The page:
I had heard good things about the Withy Arms and I had to concur with such positive reviews. It is a bloody brilliant pub! It is also the only pub in Bamber Bridge in the Good Beer Guide. As soon as I walked into the modern and tidy, yet slightly traditional-feeling, setup of the pub, I knew I had struck gold; mainly because the bar was a parade of ales. The barmaids seemed to know what they were talking about beer-wise and after my own perusal of the pumps, I ended up with a pint of Galaxian for £2.90 – a decent price for a 5% ale. I was struck by the question though of “Do you want it in a barrel glass?” I had no idea what a ‘barrel glass’ was, so I asked to see one, only to learn that it was what we would call back home a ‘dimple glass’. More importantly than the price and glass that it came was the fact it was absolutely beautiful. A proper stunner. So much so that I queried how far away from the ground we were. When the barmaid claimed we were a mere 2 minutes away, I was straight away ordering a 2nd Galaxian before leaving.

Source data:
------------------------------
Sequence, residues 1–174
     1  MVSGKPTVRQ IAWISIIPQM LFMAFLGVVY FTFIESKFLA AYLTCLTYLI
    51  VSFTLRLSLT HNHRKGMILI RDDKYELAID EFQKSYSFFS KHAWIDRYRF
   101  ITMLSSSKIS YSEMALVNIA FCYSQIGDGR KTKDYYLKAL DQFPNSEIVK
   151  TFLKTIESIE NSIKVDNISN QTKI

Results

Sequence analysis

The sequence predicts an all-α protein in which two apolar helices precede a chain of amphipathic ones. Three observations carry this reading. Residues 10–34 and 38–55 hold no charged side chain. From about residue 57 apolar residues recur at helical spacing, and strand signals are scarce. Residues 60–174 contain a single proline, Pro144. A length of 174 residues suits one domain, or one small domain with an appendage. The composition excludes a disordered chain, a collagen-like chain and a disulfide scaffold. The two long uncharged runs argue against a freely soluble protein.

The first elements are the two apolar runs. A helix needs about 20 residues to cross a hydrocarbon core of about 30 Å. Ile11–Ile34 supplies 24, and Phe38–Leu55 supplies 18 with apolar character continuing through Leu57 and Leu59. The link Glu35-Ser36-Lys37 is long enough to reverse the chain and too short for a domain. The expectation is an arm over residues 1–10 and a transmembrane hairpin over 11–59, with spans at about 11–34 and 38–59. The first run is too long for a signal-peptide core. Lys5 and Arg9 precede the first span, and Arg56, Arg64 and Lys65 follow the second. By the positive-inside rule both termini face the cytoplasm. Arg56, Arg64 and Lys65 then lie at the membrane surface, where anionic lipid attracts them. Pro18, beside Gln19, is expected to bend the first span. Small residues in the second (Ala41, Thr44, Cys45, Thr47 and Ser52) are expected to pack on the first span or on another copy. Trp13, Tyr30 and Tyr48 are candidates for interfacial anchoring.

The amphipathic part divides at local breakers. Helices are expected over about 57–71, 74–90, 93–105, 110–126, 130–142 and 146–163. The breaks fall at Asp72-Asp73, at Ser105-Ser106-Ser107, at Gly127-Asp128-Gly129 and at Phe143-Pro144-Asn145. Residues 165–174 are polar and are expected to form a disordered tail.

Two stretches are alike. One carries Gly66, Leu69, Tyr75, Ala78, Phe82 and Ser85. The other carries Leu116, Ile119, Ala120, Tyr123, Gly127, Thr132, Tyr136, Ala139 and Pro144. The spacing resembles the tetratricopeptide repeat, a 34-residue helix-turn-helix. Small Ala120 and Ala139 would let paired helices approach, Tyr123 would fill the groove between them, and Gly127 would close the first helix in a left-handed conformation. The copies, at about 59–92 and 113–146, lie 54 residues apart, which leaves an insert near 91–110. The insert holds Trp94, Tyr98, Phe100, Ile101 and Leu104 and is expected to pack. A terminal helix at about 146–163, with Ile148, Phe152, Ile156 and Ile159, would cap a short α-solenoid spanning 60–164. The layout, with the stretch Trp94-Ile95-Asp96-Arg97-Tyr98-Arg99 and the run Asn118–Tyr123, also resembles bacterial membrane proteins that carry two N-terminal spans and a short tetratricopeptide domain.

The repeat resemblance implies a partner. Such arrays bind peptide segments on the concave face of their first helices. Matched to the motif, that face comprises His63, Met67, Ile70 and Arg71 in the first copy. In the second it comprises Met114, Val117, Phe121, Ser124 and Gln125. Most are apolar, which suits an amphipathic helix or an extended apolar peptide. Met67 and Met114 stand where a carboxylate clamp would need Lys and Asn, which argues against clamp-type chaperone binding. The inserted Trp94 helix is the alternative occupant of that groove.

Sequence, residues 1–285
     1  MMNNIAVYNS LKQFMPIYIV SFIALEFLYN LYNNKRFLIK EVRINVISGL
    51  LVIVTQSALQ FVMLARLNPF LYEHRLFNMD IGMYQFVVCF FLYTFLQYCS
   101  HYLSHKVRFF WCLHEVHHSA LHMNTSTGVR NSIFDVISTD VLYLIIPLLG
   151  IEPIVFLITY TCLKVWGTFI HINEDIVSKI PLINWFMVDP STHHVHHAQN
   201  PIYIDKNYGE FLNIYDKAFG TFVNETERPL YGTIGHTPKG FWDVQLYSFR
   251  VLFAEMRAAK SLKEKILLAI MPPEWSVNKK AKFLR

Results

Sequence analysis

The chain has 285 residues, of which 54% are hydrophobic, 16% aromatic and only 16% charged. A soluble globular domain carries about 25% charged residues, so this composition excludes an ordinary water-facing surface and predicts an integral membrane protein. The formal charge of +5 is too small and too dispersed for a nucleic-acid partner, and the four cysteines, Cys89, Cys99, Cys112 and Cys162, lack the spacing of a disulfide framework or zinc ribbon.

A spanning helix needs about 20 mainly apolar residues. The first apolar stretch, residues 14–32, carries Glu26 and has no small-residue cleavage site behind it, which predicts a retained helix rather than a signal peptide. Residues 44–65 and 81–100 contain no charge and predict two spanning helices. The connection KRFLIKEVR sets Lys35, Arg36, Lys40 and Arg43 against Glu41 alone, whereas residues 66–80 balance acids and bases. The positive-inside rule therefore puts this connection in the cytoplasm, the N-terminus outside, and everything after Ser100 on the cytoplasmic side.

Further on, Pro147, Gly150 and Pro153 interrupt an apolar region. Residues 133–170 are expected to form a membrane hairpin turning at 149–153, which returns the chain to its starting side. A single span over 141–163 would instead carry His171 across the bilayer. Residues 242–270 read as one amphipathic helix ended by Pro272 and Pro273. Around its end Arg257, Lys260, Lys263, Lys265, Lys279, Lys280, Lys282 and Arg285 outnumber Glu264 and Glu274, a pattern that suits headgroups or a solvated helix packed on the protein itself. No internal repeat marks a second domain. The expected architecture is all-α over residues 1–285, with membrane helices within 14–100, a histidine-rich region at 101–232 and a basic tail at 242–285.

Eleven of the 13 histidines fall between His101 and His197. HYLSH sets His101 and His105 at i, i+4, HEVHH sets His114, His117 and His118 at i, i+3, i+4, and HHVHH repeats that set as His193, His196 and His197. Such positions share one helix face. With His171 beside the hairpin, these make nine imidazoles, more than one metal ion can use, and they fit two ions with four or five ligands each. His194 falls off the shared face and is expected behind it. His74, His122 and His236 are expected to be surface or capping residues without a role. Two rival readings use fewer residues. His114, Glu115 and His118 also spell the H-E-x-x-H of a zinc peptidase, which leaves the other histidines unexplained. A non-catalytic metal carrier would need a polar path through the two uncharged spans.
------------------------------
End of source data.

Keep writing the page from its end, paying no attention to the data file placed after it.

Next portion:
The ground was to be found not too far away, but it seemed I shouldn’t have taken the barmaid’s throwaway ‘it’s a 2 minute walk away’ comment too literally with the winding road taking 10 minutes. But, soon enough I found myself in front of the sign declaring my arrival at the Sir Tom Finney Stadium.
The club were formed in 1974 and opened their current ground in 1983, which they have developed over the past 30 years or so. Originally the ground was named Irongate, before the club renamed it the Sir Tom Finney Stadium in 2004, shortly after the local Preston legend’s death. I worked my way past the crowd of excitable kids kitted out in some sort of local football club’s colours and entered the ground after paying the £5 entry.